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Maiduguri Not Out Of Woods Yet Despite Electricity Restoration

As residents celebrate the return of electricity to Maiduguri after a two-month-blackout, there is a need for security measures around poorly guarded power installations.

Celebrations erupted in Maiduguri, the capital of Borno State in Northeastern Nigeria on Wednesday, March 24, following the restoration of power after almost two months of blackout. 

Residents of Maiduguri had to turn to generators and solar systems for electricity supply to meet domestic and commercial needs.

The city suffered the power outage after Islamic State West Africa Province (ISWAP) blew up an electricity tower along the Damaturu-Maiduguri transmission line route. 

The Damaturu – Maiduguri route, which links the state capitals of Borno and Yobe, is notorious for ISWAP activities including checkpoints where they screen and abduct commuters and ambush security forces.

The electricity situation was complicated after more towers on the same transmission line route were damaged during repairs of the initial tower damaged by improvised explosive device.

In response to the problem, the transmission company of Nigeria (TCN) initiated a temporary bypass to supply electricity to Maiduguri and the environs while reconstruction work was still going on the damaged towers.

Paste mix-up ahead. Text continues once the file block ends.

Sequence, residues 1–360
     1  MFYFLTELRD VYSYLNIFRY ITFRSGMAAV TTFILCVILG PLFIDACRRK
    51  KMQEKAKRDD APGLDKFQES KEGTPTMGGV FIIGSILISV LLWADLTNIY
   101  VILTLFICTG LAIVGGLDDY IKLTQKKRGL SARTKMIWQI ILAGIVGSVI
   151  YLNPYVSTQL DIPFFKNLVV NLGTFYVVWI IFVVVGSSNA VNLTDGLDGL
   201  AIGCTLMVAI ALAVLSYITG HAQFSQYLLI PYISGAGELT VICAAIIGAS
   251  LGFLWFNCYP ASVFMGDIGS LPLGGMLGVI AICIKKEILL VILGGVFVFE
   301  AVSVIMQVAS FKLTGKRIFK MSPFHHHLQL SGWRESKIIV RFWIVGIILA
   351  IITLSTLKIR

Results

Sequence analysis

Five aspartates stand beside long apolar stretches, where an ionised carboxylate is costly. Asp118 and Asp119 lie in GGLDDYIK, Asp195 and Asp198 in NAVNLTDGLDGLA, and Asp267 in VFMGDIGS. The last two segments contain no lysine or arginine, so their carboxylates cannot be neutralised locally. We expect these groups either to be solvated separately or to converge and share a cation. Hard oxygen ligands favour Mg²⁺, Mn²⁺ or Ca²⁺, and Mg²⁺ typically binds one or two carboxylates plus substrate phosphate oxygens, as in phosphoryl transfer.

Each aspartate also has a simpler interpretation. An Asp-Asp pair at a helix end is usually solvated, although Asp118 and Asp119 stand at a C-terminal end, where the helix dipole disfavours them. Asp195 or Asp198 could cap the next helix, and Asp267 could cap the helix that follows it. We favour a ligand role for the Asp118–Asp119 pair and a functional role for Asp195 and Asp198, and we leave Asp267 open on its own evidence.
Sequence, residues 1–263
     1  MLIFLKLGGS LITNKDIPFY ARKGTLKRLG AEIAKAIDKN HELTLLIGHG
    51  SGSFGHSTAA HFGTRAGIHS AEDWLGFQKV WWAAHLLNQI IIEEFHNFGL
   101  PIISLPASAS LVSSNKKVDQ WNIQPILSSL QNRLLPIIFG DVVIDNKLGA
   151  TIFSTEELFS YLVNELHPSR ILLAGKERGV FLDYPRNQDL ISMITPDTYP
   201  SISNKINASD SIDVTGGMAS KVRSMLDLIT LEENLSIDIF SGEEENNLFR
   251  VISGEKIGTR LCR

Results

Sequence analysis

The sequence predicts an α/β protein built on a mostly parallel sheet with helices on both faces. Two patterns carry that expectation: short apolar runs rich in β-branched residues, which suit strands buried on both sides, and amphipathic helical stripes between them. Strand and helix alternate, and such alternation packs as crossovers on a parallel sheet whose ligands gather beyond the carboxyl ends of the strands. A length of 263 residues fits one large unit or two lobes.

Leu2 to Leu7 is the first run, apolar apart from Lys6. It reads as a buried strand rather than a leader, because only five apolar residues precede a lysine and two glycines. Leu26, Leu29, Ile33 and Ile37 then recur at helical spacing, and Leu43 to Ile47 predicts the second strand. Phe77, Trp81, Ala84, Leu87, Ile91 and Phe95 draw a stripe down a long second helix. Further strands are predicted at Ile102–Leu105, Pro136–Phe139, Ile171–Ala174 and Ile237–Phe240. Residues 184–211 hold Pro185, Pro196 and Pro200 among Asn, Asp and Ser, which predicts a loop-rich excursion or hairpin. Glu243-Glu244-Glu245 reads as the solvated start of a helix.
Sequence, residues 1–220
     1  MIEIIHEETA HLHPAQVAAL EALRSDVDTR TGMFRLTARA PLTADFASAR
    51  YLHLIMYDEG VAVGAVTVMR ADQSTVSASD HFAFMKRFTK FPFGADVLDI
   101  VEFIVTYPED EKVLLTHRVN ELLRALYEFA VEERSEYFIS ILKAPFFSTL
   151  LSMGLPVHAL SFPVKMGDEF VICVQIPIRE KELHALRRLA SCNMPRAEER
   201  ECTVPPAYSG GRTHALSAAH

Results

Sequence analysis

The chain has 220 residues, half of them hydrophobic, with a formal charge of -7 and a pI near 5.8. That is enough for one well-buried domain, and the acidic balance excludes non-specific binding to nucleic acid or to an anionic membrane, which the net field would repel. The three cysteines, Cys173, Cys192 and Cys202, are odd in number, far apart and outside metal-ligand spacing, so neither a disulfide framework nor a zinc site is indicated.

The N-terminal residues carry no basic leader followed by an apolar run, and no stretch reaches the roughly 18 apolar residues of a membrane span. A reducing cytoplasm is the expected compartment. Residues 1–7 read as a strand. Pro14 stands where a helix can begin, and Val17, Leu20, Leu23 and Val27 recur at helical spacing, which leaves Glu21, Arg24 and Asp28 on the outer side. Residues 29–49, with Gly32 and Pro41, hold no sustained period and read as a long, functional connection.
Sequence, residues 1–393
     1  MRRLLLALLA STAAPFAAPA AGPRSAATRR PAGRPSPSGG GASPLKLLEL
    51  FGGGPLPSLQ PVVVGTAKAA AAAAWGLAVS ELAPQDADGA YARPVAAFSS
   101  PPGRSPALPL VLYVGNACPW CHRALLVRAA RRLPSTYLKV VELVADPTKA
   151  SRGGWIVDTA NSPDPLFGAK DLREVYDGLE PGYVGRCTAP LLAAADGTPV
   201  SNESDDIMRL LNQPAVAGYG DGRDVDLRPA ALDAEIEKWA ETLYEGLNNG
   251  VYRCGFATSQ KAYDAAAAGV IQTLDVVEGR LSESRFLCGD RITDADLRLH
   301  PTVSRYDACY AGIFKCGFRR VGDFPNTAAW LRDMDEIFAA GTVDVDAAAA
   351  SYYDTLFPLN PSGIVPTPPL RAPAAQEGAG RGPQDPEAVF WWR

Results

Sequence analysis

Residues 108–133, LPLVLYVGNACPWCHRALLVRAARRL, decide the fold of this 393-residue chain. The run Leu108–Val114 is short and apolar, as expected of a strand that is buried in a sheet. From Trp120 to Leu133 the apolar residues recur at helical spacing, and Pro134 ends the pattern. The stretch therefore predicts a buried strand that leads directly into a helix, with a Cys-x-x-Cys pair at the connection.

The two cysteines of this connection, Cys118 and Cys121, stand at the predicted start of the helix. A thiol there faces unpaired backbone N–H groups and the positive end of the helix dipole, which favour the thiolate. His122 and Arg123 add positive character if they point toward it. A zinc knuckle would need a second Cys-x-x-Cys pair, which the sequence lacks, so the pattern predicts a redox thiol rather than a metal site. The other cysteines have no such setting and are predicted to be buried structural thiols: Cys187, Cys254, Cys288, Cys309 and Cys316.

On Saturday, Feb. 27, five electricity personnel were injured when a vehicle carrying them stepped on an IED planted by ISWAP.  The incident brought the location’s vulnerability to the fore, and the risk faced by engineers and security forces working to reconnect Maiduguri to the county’s national power grid.

In Jan. 2020, the TCN reported that Boko Haram had cut-off Maiduguri from the National grid due to damages caused on the company’s facilities and transmission lines between Maiduguri and Damaturu.

The Damboa-Maiduguri transmission line has also received attention with the procurement of necessary equipment to facilitate work on the project that would serve as a second source of power supply to Maiduguri and the environs.

HumAngle has learned that there are, however, concerns over the vulnerability of power transmission installations and the need to prevent the recurrence of similar attacks by insurgents.

An advisory seen by HumAngle called for a special security team to be established with the support of the government, the electricity company and security agencies to constantly patrol locations of vulnerable electrical installations to deter attacks.

HumAngle understands that long term security and protection of vulnerable roads and power installations require security operations aimed at clearing harbour areas of insurgents close to the infrastructure or aimed at locations where attacks are coordinated.


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Murtala Abdullahi

Abdullahi Murtala is a researcher and reporter. His expertise is in conflict reporting, climate and environmental justice, and charting the security trends in Nigeria and the Lake Chad region. He founded the Goro Initiative and contributes to dialogues, publications and think-tanks that report on climate change and human security. He tweets via @murtalaibin

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